Canucks Under the Microscope: Quinn Hughes

Blueliner had 68 points to pass 63-point franchise standard set by Doug Lidster in 1986-87. He also had 60 assists to better the record of 55 set by Dennis Kearns in 1976-77

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We’re looking back at the 2021-22 Vancouver Canucks with a focus on Quinn Hughes. Over the coming weeks, we’ll break down the season and take a look at how player situations stack up going into 2022-23 …

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Name: Quinn Hughes

Age: 22.

Position: Defense.

Career stats: GP: 205 G: 19, W: 146, Sts: 165.

Contract status: Five years remaining on six-year, US $47.1-million back-loaded extension that carries an annual US $7.85-million salary-cap hit. The total annual salary maxes out to $10.250 million in 2025-26.

How 2021-22 went: Persistence. Patience. Productivity. Hughes was removed from the first power-play unit at one point in a November not to remember — the club struggled with a 4-9-1 record — and was then added to the penalty kill in December to help spark a remarkable turnaround. He also dramatically improved his defensive awareness—from minus-24 to plus-10—and eclipsed two long-standing franchise records for defensemen. Hughes finished with 68 points (8-60) to pass the 63-point standard set by Doug Lidster in the 1986-87 season and had 60 assists to better the record of 55 set by Dennis Kearns in 1976-77.

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Lidster first came to admire Hughes when he was a budding star at the University of Michigan because you can teach a lot of things, but you can’t teach skill, anticipation and execution.

“He just attracts your eye all the time,” Lidster recalled. “What really stood out is a guy who’s that exceptional usually tries to skate himself out of trouble.

“He made that quick pass before there was any kind of trouble — even if he was going backward, to his right or left. It was just as hard as if he was skating in full stride and it was always tape to tape.

“In his first NHL year, he was quarterbacking the power play and made a pass from the left side to the right flank. And while that guy was shooting, he was turning his head to see what his possible options were if he got the puck back. He’s thinking a step or two ahead of everybody.”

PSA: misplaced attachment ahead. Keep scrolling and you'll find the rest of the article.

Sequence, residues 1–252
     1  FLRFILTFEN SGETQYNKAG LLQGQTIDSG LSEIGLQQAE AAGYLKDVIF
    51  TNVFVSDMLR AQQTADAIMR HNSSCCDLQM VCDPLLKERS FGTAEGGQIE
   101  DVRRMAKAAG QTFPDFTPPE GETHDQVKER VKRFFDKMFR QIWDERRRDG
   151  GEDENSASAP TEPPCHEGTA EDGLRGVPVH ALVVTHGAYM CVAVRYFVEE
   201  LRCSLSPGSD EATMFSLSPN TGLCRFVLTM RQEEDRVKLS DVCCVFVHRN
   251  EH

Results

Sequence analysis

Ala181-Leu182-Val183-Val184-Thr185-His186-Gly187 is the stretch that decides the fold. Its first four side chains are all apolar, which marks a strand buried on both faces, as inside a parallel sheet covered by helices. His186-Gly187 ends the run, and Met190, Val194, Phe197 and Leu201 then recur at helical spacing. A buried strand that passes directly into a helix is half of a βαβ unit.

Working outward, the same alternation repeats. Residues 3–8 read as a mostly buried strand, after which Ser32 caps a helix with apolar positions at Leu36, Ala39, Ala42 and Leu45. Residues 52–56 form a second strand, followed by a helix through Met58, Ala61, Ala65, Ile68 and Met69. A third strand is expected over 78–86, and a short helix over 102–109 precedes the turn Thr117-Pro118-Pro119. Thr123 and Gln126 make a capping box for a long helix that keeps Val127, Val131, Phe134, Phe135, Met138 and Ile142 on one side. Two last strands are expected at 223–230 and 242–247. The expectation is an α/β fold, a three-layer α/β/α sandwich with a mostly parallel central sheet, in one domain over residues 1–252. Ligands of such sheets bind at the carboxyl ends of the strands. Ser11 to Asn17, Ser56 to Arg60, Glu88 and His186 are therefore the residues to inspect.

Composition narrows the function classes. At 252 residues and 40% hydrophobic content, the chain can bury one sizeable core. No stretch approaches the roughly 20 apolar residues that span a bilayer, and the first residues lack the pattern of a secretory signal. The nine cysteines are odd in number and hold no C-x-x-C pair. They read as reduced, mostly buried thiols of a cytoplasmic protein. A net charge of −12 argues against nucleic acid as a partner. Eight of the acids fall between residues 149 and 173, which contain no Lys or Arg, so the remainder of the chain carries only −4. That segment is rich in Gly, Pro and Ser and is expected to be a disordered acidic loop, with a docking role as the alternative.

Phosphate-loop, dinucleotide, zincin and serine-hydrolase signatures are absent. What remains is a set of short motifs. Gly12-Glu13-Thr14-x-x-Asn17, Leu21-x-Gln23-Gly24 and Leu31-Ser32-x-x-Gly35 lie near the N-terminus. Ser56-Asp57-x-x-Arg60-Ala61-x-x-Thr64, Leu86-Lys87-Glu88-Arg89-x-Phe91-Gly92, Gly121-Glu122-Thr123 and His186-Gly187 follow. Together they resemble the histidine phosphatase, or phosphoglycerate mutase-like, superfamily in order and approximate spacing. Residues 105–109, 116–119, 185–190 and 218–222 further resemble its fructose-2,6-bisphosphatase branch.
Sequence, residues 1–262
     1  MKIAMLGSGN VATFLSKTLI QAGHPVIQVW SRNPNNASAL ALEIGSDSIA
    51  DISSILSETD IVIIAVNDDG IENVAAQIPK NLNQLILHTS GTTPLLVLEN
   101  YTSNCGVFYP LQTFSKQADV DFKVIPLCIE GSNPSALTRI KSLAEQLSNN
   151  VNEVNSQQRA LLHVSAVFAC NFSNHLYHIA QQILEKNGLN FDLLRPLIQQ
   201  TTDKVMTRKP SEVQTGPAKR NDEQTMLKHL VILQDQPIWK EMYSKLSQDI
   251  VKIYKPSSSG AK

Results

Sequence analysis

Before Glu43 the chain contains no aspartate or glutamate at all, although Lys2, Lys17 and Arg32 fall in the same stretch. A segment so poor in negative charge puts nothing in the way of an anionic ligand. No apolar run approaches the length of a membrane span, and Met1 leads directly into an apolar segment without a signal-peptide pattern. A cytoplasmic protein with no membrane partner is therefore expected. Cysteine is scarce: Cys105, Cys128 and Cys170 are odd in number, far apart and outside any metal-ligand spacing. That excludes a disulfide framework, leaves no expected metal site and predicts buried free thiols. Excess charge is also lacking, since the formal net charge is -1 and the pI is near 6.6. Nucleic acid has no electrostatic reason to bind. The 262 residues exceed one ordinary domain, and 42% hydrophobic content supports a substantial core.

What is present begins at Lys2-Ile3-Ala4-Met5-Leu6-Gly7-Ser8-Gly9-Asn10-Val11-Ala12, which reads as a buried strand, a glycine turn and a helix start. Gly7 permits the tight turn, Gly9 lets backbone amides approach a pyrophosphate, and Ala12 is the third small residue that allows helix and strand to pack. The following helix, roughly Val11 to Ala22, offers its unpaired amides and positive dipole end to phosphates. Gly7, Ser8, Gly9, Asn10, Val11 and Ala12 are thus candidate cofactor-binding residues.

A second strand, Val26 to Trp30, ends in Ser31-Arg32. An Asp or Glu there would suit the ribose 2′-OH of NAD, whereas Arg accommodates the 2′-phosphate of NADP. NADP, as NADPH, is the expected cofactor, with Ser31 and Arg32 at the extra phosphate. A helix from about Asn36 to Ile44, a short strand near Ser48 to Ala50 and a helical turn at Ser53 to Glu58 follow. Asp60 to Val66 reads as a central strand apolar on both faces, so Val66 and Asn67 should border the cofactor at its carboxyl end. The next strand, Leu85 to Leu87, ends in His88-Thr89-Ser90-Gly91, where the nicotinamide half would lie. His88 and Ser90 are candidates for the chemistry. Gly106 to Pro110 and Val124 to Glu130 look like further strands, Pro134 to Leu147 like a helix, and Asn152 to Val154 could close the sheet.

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How the future looks: The challenge for Hughes is to take his game to another level. Already considered one of the game’s better emerging young blueliners, he needs to augment quick skating, quick thinking and laser-like passing with more of an offensive-zone presence at even strength. It could allow him to close in on what Cale Makar, 23, and Adam Fox, 24, have done this season for the Colorado Avalanche and New York Rangers, respectively.

Makar had an eye-popping 86 regular-season points (28-58) to finish second to Roman Josi of the Nashville Predators in back-end production. Makar is also second in playoff scoring among blueliners with 22 points (5-17). Fox was fourth in defenseman scoring in the regular season with 74 points (11-63) and exited the playoffs with the lead among his peers with 23 points (5-18).

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Hughes finished eighth in scoring among blueliners in the regular season and was fifth in power-play production with 31, just seven back of leader Victor Hedman of the Tampa Bay Lightning. However, Hughes ranked 41st in shots (150) and his shooting percentage was 112th (5.3). And while he remains dynamic at finding the open man, getting shots through with more velocity and accuracy is his next natural development step.

Hughes works on all aspects of his game in the off-season and a better shot comes with the zest to be good in all zones.

“I usually have goals and I want to be up there with the best defensemen, but I was motivated and focused on trying to have a good overall game,” said Hughes. “I was just taking it 10 games at a time and never really looked at a number — I just played and that’s just how the year has been.”

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Maybe Canucks coach Bruce Boudreau put it best about the defenseman’s inner drive to succeed.

“He’s a special player, but he’s going to break that (franchise points) record five times from now,” predicted Boudreau. “He knows he’s going to do a lot better in the future.”

Greatest strengths: Creativity and adaptability. Added another penalty-kill dimension by using a quick retreat to outlet dump-ins and quickly move pucks to force the power play to regroup. “Petey and Quinn being used on the penalty kill is a real important thing,” said Boudreau. “You need guys who have great hand-eye co-ordination to knock down pucks and anticipate pucks. And guys who are really savvy in areas with the puck. They’re really good at that.”

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Greatest weakness: Fleet feet and playing pace often lead to Hughes pinching to outnumber the opposition in the offensive zone. It can lead to turnovers and odd-man rushes that must be reduced.

Is he trade bait? Not a chance. An untouchable roster with Elias Pettersson and Thatcher Demko.

The big question: Can the star become a superstar? Not a good idea to bet against Hughes.

[email protected]

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